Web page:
To intelligence agencies, world gov’ts, marketing firms, and other mega data-mining organizations, Facebook and similar sites are little more than ‘registries of living persons’ which are invaluable in providing vital, wide-ranging data (name, friends, interests, affiliations, political and religious views, geographical location, personality type etc). Incidentally, this information can be used to help military forces ‘master the human domain’ (identify and neutralize supposed future enemies in sci-fi-movie fashion).
The following video discusses the risks associated with social media like Facebook as well as social media safety:
Paradoxically, there's nothing 'social' about social media. And when 'social media' is combined with mobile technology, then what you have is a societal phenomenon - unique to our age - that makes it perfectly OK to close yourself off even in the company of others. A family unit can go out to a restaurant for dinner and each member will spend the majority of time interacting with their own smartphone or iPad; nobody talking the other. Some of the worst people do go out on a date with are the ones who compulsively check their Whatsapp/Viber/Instagram pages every few minutes. How will we ever auto-correct this and get people to 'look up from their phones'?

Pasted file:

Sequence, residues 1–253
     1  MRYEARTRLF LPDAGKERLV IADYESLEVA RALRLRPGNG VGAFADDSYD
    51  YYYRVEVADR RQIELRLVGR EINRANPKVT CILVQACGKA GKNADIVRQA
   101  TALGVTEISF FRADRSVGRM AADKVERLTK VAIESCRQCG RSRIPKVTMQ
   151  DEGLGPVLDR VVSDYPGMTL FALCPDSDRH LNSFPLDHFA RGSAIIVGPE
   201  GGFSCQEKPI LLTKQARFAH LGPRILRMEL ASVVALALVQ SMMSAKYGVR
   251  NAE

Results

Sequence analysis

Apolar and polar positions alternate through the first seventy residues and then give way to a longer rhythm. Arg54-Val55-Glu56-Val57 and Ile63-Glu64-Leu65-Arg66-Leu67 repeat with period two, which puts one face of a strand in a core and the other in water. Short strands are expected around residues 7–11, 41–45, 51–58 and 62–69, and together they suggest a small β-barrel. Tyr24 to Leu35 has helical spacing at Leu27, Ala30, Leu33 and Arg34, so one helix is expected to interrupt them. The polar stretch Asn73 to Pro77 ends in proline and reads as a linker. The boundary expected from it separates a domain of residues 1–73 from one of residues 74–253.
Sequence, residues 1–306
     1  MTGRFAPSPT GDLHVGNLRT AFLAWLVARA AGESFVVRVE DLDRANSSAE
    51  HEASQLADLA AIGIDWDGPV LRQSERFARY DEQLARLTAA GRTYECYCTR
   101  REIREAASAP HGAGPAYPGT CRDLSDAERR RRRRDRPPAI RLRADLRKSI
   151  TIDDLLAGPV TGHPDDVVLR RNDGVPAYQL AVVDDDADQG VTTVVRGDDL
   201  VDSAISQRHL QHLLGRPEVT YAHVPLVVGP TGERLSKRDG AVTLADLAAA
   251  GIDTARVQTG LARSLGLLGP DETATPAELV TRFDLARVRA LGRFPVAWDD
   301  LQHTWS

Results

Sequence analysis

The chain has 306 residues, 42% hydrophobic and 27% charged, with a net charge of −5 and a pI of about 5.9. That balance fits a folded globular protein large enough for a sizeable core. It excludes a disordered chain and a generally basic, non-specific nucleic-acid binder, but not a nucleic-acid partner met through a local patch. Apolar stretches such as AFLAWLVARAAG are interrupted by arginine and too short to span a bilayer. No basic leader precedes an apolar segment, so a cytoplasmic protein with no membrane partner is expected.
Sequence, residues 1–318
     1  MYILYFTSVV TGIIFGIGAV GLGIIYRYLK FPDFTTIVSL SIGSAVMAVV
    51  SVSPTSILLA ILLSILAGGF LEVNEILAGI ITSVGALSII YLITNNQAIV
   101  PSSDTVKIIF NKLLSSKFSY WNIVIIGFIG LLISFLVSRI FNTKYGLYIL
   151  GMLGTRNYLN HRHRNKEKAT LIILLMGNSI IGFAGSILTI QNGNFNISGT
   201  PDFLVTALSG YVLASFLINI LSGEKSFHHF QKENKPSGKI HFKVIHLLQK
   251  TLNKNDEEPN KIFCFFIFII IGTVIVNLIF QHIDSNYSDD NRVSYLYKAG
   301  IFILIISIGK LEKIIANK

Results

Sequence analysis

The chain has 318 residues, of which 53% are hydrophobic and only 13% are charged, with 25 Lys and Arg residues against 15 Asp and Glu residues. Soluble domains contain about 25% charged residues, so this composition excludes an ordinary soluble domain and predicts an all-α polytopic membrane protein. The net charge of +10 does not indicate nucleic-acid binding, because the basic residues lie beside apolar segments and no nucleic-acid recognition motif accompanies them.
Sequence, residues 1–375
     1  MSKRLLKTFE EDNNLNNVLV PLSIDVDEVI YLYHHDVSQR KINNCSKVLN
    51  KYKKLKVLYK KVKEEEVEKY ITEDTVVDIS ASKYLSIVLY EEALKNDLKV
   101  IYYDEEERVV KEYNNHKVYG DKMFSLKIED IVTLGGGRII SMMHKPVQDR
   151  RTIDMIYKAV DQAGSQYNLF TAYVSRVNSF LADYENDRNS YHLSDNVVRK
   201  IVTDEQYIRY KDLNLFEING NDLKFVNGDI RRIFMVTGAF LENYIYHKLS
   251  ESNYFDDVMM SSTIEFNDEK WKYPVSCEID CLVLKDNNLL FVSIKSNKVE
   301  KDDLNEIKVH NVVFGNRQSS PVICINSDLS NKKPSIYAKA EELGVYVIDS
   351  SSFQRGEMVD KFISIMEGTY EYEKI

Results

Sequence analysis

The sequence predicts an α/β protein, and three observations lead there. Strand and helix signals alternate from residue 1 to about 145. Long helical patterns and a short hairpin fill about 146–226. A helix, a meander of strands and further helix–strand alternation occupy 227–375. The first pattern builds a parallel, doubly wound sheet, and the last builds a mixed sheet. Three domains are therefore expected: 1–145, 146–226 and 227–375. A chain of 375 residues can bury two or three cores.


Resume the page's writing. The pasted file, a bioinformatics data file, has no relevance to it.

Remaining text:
Douglas Rushkoff is a Professor of Media Studies at Queens College (London). He is also an author and maker of documentary films for 'FRONTLINE', the most recent of which is Generation Like, which deals with modern kids' obsession with the 'parallel universe' of so-called 'social media'. In an interview with podcast website SmellsLikeHumanSpirit.com, he says:
'You take the kids to a 5000-dollar trip, to the Rocky Mountains or some place, you know, and they're in front to the Rocky Mountains, or the desert, or the ocean and they're still on the device!...And you could say, "They're still being social, they're still being communicative", but in the end, they're not - WHAT THEY'RE DOING IS BEING ANTI-SOCIAL, they're not making the difficult effort of "Let me make friends with the other kids who are on this beach NOW", you know. "Let me make friends with all this other kids who are in Disney World, let me look at the other people who are in line"...Let's look, and see, and think and analyze...It's ultimately so much more rewarding."